(Recasts with divestment challenges across the banking sector; adds investor, analyst comments)
Feb 3 (Reuters) - Canadian Imperial Bank of Commerce (CIBC) became the latest Canadian bank to face hurdles in exiting disappointing acquisitions, joining rivals still holding overseas assets they have sought to sell even as they look to deploy record levels of capital.
Canada’s fifth-largest lender said on Wednesday it had scrapped the $797 million sale of a 66.7% stake in its FirstCaribbean business to GNB Financial after failing to get regulatory approval.
CIBC’s inability to exit challenging Caribbean markets reflects the hurdles Canadian banks have faced in making an M&A strategy work. The problem is especially acute now with the banks sitting on combined excess capital of C$70 billion ($55 billion), due to a pandemic moratorium by regulators on share buy backs and increasing dividends.
“There have been many instances where the banks have bought something (overseas) and then had to divest because it didn’t pan out from a strategic standpoint,” said Anthony Visano, managing director of Kingwest & Company, which holds some Canadian banks.
CIBC’s challenge “is a pretty good proxy for the broader experience,” he added.
Bank of Nova Scotia faced similar regulatory opposition when it tried to divest its operations in Antigua and Guyana in 2019, and still owns the latter. Royal Bank of Canada , which announced the sale of its Eastern Caribbean operations in December 2019, has yet to finalize the deal. reut.rs/36yVZMb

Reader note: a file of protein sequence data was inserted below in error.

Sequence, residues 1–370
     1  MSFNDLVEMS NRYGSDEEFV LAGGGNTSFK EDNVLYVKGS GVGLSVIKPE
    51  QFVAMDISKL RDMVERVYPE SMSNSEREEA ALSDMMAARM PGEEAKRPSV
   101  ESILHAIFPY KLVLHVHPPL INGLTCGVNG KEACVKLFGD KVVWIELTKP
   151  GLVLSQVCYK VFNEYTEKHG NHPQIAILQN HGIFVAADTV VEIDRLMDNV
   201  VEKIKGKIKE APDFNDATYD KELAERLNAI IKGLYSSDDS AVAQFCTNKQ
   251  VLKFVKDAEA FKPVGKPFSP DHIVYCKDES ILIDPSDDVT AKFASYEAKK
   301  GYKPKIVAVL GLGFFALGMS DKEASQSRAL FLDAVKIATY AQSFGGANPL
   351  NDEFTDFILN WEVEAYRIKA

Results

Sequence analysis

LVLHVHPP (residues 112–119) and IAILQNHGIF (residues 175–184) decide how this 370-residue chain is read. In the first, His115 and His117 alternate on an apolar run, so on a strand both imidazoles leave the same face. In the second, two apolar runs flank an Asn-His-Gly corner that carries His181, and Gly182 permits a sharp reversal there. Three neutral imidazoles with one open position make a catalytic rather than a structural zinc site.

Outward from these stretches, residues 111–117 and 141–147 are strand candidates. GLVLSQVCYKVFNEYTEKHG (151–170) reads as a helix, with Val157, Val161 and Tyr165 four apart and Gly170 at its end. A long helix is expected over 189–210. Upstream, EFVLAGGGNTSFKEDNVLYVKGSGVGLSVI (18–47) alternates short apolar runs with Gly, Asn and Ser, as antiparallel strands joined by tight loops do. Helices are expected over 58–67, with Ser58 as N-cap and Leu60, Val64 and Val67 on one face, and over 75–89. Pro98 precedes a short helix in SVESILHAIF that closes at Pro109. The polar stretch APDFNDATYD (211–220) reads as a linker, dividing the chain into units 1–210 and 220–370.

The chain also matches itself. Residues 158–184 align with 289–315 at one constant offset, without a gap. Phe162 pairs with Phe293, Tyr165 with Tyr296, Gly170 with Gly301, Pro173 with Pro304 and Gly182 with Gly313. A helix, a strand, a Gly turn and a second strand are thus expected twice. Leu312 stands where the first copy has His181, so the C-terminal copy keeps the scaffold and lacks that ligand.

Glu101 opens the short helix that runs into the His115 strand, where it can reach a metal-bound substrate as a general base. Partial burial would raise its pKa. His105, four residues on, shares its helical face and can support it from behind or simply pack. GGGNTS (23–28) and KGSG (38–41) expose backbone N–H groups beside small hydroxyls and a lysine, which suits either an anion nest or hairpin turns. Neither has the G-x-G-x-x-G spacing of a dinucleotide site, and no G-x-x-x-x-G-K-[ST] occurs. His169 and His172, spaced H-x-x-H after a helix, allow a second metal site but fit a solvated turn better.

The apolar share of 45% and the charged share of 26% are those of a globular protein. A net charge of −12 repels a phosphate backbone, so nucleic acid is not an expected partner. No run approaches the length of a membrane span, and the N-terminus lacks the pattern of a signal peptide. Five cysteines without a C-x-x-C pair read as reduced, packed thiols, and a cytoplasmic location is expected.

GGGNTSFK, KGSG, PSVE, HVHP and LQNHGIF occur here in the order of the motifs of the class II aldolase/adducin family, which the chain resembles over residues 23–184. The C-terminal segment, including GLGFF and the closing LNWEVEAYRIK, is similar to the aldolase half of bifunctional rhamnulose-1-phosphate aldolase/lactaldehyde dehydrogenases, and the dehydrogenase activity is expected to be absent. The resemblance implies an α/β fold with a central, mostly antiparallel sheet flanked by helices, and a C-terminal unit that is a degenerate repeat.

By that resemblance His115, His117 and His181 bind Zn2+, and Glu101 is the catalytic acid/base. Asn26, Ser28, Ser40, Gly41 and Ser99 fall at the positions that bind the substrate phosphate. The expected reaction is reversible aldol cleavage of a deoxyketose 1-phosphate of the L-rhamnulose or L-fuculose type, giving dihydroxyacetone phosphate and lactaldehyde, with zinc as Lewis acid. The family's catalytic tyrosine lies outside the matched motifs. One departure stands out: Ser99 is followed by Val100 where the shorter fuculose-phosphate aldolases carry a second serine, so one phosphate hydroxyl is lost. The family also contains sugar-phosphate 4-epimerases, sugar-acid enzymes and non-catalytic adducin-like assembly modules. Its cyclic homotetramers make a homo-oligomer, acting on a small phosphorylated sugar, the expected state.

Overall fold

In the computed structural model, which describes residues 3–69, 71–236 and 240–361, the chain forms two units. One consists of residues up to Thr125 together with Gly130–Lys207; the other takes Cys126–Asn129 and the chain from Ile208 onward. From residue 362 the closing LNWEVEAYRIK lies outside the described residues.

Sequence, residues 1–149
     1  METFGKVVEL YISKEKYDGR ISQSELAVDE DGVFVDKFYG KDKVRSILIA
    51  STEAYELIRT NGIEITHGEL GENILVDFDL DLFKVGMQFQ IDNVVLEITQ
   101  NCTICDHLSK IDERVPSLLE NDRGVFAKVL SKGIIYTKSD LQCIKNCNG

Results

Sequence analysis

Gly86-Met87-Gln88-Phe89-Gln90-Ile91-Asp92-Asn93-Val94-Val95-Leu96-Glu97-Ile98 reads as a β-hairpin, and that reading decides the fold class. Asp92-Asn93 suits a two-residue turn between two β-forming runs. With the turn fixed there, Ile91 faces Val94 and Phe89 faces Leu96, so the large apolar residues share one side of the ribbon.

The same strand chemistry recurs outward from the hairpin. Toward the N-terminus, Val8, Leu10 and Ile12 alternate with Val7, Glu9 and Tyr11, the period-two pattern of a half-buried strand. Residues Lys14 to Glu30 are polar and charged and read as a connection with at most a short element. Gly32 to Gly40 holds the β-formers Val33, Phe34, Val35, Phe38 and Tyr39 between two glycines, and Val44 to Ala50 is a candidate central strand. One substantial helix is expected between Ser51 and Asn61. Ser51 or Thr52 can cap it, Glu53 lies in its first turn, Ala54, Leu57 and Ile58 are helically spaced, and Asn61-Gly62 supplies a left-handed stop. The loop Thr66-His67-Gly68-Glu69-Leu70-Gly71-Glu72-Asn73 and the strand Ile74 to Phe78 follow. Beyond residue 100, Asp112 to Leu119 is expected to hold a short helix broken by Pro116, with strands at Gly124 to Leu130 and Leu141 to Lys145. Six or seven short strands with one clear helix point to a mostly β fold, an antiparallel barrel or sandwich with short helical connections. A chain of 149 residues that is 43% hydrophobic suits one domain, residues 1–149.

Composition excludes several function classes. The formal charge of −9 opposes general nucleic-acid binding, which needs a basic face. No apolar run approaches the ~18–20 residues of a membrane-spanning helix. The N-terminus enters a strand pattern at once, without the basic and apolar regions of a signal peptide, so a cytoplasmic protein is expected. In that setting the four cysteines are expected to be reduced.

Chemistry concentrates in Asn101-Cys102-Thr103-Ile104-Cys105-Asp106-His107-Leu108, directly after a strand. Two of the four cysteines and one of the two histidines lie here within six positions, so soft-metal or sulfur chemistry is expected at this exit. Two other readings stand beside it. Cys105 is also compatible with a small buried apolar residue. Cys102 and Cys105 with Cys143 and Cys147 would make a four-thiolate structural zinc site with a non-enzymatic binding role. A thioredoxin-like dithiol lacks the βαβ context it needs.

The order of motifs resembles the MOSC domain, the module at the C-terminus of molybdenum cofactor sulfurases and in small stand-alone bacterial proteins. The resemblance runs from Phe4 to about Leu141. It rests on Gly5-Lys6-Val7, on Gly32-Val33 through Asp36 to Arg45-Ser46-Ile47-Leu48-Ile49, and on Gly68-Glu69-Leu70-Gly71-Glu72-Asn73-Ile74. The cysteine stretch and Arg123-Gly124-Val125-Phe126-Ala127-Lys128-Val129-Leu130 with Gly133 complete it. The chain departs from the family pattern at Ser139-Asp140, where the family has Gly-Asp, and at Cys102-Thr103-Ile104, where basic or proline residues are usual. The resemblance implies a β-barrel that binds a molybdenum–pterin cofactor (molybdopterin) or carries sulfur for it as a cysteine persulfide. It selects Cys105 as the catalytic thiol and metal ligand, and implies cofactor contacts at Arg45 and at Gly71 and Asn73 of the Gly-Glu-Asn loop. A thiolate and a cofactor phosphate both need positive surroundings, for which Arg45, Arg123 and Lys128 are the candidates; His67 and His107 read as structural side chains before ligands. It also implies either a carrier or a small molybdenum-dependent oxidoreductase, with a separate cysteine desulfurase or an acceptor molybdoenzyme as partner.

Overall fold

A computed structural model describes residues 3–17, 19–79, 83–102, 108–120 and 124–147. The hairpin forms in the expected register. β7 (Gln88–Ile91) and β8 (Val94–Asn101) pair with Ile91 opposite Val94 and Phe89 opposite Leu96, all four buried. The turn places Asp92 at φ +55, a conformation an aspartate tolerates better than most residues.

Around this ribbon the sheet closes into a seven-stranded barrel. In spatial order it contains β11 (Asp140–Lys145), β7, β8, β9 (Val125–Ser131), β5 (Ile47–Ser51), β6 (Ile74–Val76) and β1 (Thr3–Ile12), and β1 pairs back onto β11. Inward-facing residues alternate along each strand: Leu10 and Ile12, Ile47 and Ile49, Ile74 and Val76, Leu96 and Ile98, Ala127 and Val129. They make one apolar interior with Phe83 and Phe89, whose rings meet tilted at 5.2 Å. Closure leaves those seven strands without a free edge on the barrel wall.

CIBC’s failed sale is a negative as the region faces challenges, Barclay’s equity analyst John Aiken said in a research note.
While it will likely take several years for FirstCaribbean to return to its peak contribution of 4% to CIBC’s earnings, “in a growth-starved sector, retaining this potential upside is a positive for longer-term shareholders,” National Bank Financial analyst Gabriel Dechaine wrote in a note.
CIBC shares rose 1.1% to C$111.53 in morning trading, compared with a 0.1% gain in the Toronto stock benchmark . ($1 = 1.2777 Canadian dollars) (Reporting by Nichola Saminather in Toronto; Additional reporting by Sohini Podder in Bengaluru; Editing by Shailesh Kuber and Chris Reese)